The government overseeing the crumbling dystopia that is The California Republic continues to find new and unique ways to make people move out of the state, with the latest being a regulatory ban on copper in automotive brake pads on certain muscle cars. This specifically affects certain 2021 Camaro variants with Brembo brakes.
Human feces in the streets? Overgrown forests contributing to larger wild fires? Anti-commerce red tape? The governor breaking his own lockdown edicts? No, no. Copper in a few car brakes are the real problem.
“Due to restrictions in California and Washington state related to copper brake pads, customers in those states cannot order a 2021 Camaro SS, ZL1 and 1LE for delivery after January 1, 2021,” said Chevrolet Communications Manager Kevin Kelly to MC&T. “Customers can, however, purchase these models from available dealer stock in those states.”
Kelly clarified to MC&T that other vehicles in the Chevrolet lineup are not affected. So C8 Corvette customers won’t have to worry. The only states affecting the 2021 Camaro in this regard are California and nearby Washington, for now.
“We will resume allowing customers in California and Washington state to order the Camaro SS, ZL1 and 1LE models in 2022 model year when we introduce a new brake system that is compliant with the copper requirements,” said Kelly.
Crosstown rivals Ford and Dodge were aware of the upcoming regulatory change, but were able to adjust to copper-free brakes in time for their respective muscle cars to be affected.
“Trust and environmental responsibility is paramount at Ford Motor Company, and we are always ensuring that our vehicles meet or exceed federal and state regulatory guidelines. Mustang, the world’s best-selling sports car, has a copper-free brake system for 2021 model year, meeting the new regulatory requirements in California and Washington, and ensuring our faithful fans as well as future enthusiasts can purchase and enjoy the fast, fun and affordability of our iconic muscle car,” said Ford Mustang Communications Manager Berj Alexanian to MC&T.
FCA was also proactive in the regulatory change for its muscle cars. The Dodge Charger, Challenger and Durango R/T and SRT models all received updates for the 2021 model year to go copper free in their brake systems. A formal statement from Dodge was not available at the time of this writing.
Ford, Dodge and Chevrolet all use Brembo brakes for their respective performance models. Why GM was unable to adjust to the change in time with the 2021 Camaro when others managed to do so is unclear at this time. It’s more puzzling considering that these laws were enacted a full decade ago, signed into law by Republican governor Arnold Schwarzenegger at the time. Automakers had a full decade to adjust.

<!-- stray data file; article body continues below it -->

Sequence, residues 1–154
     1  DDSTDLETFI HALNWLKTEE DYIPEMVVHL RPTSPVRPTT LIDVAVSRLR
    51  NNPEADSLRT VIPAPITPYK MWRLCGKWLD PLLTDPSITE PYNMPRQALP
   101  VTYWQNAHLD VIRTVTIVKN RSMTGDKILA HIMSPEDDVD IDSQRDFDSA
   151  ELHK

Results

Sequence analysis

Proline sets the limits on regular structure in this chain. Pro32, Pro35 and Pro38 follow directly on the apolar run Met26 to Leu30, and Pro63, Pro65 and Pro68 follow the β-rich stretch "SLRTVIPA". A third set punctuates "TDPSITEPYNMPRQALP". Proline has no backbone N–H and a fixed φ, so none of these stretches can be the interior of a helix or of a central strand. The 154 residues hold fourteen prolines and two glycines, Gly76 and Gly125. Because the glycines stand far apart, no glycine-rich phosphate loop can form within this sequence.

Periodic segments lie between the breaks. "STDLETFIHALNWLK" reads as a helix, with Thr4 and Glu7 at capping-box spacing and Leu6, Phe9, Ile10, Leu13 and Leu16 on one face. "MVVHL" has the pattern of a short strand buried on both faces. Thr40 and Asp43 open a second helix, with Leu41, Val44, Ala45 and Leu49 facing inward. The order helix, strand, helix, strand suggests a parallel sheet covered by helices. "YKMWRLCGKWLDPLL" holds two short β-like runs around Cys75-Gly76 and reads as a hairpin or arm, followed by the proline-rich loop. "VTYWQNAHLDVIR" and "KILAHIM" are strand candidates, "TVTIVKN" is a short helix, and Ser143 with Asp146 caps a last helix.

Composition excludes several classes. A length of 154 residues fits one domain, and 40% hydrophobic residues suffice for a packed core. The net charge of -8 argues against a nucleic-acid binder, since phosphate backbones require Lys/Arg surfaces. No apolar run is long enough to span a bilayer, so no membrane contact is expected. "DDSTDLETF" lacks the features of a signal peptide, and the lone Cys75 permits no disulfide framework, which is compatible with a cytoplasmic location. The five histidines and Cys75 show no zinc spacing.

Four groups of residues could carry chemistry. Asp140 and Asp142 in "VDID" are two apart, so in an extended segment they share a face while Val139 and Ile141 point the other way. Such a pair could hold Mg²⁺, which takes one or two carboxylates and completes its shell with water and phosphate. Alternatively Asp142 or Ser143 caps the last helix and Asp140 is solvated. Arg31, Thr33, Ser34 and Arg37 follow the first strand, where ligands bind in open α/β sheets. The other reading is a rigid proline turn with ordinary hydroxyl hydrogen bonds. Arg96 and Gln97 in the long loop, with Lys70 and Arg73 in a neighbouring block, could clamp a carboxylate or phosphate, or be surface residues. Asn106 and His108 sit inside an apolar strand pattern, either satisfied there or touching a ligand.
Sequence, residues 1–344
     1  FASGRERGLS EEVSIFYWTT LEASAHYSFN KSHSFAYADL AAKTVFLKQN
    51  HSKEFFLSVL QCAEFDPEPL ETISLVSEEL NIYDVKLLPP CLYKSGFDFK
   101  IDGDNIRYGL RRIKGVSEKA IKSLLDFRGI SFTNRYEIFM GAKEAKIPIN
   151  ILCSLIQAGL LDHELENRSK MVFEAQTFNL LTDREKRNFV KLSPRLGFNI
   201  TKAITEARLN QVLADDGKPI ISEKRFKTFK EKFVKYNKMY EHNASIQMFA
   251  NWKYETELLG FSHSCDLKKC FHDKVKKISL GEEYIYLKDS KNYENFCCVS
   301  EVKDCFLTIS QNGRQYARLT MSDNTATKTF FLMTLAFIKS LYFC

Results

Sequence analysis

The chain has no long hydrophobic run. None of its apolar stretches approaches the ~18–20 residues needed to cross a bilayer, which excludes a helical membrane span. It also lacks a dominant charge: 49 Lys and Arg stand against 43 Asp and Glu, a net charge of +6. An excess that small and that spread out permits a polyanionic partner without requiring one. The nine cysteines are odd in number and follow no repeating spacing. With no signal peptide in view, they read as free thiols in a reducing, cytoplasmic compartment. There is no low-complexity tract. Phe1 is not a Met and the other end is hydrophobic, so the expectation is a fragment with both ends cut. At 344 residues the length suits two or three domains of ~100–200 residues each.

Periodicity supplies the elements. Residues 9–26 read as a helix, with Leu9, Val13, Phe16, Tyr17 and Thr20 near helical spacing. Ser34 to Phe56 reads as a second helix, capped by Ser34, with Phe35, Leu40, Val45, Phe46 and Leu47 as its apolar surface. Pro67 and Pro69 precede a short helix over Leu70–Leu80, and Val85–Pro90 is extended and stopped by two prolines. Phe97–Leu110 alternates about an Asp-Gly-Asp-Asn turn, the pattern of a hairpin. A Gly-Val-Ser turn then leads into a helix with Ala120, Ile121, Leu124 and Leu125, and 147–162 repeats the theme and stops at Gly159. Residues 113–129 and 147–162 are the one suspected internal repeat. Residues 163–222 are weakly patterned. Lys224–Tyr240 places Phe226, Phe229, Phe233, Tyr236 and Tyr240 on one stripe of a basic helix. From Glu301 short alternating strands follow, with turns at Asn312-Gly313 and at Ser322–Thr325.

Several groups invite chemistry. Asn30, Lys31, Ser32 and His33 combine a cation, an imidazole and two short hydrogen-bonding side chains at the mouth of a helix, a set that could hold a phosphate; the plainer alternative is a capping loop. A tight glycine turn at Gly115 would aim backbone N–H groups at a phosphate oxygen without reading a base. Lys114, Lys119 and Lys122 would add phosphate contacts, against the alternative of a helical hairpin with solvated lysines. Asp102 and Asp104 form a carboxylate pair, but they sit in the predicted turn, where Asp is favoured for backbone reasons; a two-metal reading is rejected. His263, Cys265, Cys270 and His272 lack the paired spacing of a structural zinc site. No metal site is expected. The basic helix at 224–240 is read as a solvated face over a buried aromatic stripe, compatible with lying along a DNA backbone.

Copper from the brake pads, as it was found in studies, turns into dust particles, and finds its way into waterways. Such levels of copper are toxic to many water-dwelling creatures, including fish, plants, and amphibians, which eventually works its way up the food chain, much like mercury in fish. The law details that brake pads sold in California (and Washington) couldn’t have more than 5 percent copper by weight. That number reduces to just 0.5 percent copper by weight by 2025.
Copper is used in brakes because of the metal’s ability to quickly and effectively dissipate heat, and allow for smooth braking.
Although the rule was put in place in only two states for now, trade groups representing the auto industry signed an agreement with the Environmental Protection Agency (EPA) in 2015 to phase out the use of copper in brake pads completely. The groups signed a non-binding memorandum of understanding (MOU) proclaiming that the auto industry would implement the “Copper-Free Brake Initiative.” Demonstrating awareness of the matter, General Motors was a member of the Alliance of Automobile Manufacturers, a trade group that signed the MOU.
According to Car & Driver, a spokesperson from Brembo confirms that the company currently makes copper-free brake pads, but nevertheless does still make pads with copper, and it’s ultimately up to the automakers to comply with regulations.